Signatures of CD8+ T cell dysfunction in AML patients and their reversibility with response to chemotherapy

Hanna A. Knaus, Sofia Berglund, Hubert Hackl, Amanda L. Blackford, Joshua F. Zeidner, Raúl Montiel-Esparza, Rupkatha Mukhopadhyay, Katrina Vanura, Bruce R. Blazar, Judith E. Karp, Leo Luznik, Ivana Gojo

Research output: Contribution to journalArticle

Abstract

BACKGROUND: Our understanding of phenotypic and functional signatures of CD8+ T cell dysfunction in acute myeloid leukemia (AML) is limited. Deciphering these deranged T cell functional states and how they are impacted by induction chemotherapy is essential for incorporation of novel immune-based strategies to restore and maintain antileukemia immunity. METHODS: We utilized high-dimensional immunophenotyping, gene expression, and functional studies to characterize peripheral blood and bone marrow CD8+ T cells in 72 AML patients at diagnosis and after induction chemotherapy. RESULTS: Our data suggest that multiple aspects of deranged T cell function are operative in AML at diagnosis, with exhaustion and senescence being the dominant processes. Following treatment, the phenotypic and transcriptional profile of CD8+ T cells diverged between responders and nonresponders. Response to therapy correlated with upregulation of costimulatory, and downregulation of apoptotic and inhibitory, T cell signaling pathways, indicative of restoration of T cell function. In functional studies, AML blasts directly altered CD8+ T cell viability, expansion, co-signaling and senescence marker expression. This CD8+ T cell dysfunction was in part reversible upon PD-1 blockade or OX40 costimulation in vitro. CONCLUSION: Our findings highlight the uniqueness of AML in sculpting CD8+ T cell responses and the plasticity of their signatures upon chemotherapy response, providing a compelling rationale for integration of novel immunotherapies to augment antileukemia immunity. FUNDING: This work was supported by the Leukemia & Lymphoma Society grant no. 6449-13; NIH grants UM1-CA186691 and R01-HL110907-01; the American Society for Blood and Marrow Transplantation New Investigator Award/Gabrielle's Angel Foundation; the Vienna Fund for Innovative Cancer Research; and by fellowships from the Wenner-Gren Foundation and the Swedish Society for Medical Research.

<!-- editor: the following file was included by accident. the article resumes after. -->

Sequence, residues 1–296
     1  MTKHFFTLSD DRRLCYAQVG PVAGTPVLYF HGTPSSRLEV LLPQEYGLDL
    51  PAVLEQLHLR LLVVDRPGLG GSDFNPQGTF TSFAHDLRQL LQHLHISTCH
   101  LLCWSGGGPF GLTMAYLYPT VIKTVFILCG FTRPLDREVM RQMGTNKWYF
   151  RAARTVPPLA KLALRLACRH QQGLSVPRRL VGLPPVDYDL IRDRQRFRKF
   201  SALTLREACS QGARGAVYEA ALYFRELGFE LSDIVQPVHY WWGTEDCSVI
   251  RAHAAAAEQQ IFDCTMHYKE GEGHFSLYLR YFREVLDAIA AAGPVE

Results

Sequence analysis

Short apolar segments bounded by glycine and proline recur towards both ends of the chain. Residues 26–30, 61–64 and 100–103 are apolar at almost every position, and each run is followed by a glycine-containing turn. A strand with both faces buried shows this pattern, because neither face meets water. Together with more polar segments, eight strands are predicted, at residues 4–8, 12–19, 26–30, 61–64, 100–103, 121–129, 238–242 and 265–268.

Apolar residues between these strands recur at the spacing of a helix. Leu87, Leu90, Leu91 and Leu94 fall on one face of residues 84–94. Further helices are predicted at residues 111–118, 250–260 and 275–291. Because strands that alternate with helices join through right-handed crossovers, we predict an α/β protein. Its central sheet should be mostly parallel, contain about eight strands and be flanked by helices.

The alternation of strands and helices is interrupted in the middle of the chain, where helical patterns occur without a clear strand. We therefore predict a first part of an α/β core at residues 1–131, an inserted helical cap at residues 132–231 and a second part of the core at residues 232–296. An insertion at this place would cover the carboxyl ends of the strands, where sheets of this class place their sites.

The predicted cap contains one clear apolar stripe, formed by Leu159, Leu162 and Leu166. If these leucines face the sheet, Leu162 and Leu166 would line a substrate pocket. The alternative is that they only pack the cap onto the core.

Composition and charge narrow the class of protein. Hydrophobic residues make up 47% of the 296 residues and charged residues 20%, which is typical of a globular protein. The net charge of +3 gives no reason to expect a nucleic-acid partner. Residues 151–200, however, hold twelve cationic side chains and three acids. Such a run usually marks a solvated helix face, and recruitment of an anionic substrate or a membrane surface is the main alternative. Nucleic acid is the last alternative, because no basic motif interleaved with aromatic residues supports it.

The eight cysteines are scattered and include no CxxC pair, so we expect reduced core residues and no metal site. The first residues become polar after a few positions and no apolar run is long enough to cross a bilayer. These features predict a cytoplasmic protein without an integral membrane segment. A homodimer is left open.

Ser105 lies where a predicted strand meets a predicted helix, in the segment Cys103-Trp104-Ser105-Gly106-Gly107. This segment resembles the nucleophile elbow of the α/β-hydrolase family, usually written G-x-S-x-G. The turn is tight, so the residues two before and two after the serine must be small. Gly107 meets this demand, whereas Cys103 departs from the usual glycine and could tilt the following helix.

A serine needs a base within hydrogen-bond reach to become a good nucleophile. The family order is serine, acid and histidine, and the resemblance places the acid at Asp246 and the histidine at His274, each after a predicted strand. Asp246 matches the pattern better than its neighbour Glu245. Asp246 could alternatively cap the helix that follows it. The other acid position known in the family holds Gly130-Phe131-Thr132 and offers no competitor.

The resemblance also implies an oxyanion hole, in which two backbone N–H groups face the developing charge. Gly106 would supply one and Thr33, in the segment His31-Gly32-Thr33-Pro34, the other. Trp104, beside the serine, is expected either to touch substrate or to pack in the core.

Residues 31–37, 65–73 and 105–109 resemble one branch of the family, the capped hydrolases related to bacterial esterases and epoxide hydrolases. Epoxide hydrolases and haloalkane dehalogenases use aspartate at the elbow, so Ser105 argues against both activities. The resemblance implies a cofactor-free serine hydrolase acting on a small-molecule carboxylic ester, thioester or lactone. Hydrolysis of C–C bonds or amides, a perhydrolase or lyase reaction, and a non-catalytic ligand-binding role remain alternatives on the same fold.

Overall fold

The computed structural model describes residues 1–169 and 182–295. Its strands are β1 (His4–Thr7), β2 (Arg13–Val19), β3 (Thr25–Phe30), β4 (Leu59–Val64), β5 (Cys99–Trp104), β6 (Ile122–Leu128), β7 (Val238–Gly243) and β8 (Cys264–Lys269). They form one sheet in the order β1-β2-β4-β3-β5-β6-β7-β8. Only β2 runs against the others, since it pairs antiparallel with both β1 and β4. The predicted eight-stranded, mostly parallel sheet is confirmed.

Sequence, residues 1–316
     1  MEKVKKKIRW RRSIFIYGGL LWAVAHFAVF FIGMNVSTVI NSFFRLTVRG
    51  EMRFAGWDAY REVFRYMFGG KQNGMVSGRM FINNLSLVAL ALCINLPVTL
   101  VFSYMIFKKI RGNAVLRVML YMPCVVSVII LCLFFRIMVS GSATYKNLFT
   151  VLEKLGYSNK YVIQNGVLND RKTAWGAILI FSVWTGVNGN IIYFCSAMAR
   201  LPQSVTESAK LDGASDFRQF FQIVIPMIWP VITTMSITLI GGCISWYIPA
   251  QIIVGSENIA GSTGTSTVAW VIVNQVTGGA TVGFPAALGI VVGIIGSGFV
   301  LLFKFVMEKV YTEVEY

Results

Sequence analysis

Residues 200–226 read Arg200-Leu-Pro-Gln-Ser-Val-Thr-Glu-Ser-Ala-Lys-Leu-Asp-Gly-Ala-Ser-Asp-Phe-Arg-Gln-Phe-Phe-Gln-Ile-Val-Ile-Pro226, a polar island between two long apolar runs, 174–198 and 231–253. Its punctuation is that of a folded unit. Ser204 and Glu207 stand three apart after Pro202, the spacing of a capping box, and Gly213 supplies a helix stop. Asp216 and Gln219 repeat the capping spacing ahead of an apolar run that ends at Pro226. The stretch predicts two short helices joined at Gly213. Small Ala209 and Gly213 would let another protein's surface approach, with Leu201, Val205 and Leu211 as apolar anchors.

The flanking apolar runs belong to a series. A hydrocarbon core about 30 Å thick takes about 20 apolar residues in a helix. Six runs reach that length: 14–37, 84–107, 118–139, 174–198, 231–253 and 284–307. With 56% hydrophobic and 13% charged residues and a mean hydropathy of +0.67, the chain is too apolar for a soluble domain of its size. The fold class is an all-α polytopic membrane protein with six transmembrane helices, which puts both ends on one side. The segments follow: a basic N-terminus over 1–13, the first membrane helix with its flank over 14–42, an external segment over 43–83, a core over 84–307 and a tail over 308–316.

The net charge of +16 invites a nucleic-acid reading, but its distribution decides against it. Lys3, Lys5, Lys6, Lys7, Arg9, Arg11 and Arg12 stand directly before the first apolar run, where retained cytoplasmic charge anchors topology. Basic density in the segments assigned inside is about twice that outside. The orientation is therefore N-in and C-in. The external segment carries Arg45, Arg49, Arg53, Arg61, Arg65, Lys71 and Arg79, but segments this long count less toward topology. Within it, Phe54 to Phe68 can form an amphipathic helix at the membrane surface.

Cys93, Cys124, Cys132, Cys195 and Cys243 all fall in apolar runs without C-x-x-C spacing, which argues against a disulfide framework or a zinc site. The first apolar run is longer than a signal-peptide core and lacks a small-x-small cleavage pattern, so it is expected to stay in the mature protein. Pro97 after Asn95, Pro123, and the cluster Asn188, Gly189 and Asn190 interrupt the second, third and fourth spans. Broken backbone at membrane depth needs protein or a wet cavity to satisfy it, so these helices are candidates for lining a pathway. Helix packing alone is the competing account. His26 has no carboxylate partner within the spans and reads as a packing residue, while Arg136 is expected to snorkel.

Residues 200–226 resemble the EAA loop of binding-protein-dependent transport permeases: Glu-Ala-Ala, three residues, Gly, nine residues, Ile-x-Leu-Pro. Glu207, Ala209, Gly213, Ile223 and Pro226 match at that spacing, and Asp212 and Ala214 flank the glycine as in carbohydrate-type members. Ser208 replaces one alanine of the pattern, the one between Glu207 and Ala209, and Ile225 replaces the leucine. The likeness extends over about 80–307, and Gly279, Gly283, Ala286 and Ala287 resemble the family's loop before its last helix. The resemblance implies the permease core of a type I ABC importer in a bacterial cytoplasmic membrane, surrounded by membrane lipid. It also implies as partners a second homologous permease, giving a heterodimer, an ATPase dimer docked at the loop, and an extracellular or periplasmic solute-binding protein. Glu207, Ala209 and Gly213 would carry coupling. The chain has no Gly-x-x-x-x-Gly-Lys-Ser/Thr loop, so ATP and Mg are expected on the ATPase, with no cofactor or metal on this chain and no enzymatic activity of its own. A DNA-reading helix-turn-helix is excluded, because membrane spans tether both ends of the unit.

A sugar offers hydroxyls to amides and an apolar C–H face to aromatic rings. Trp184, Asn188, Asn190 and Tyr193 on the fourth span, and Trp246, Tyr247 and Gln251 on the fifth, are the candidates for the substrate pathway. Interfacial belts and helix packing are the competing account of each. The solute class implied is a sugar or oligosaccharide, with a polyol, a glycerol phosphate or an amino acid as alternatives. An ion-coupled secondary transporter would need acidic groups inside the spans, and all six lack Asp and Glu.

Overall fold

Original languageEnglish (US)
JournalJCI Insight
Volume3
Issue number21
DOIs
StatePublished - Nov 2 2018

Keywords

  • Cancer immunotherapy
  • Hematology
  • Immunology
  • Leukemias
  • T cells

ASJC Scopus subject areas

  • Medicine(all)

Fingerprint Dive into the research topics of 'Signatures of CD8+ T cell dysfunction in AML patients and their reversibility with response to chemotherapy'. Together they form a unique fingerprint.

  • Cite this

    Knaus, H. A., Berglund, S., Hackl, H., Blackford, A. L., Zeidner, J. F., Montiel-Esparza, R., Mukhopadhyay, R., Vanura, K., Blazar, B. R., Karp, J. E., Luznik, L., & Gojo, I. (2018). Signatures of CD8+ T cell dysfunction in AML patients and their reversibility with response to chemotherapy. JCI Insight, 3(21). https://doi.org/10.1172/jci.insight.120974